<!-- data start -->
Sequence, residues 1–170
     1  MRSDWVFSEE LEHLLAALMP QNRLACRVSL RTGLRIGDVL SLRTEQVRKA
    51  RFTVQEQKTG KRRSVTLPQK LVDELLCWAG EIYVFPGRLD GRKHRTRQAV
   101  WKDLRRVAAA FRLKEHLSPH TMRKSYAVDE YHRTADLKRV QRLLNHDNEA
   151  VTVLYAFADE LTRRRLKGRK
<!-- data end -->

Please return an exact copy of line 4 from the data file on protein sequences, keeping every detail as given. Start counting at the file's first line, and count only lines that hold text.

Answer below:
   101  WKDLRRVAAA FRLKEHLSPH TMRKSYAVDE YHRTADLKRV QRLLNHDNEA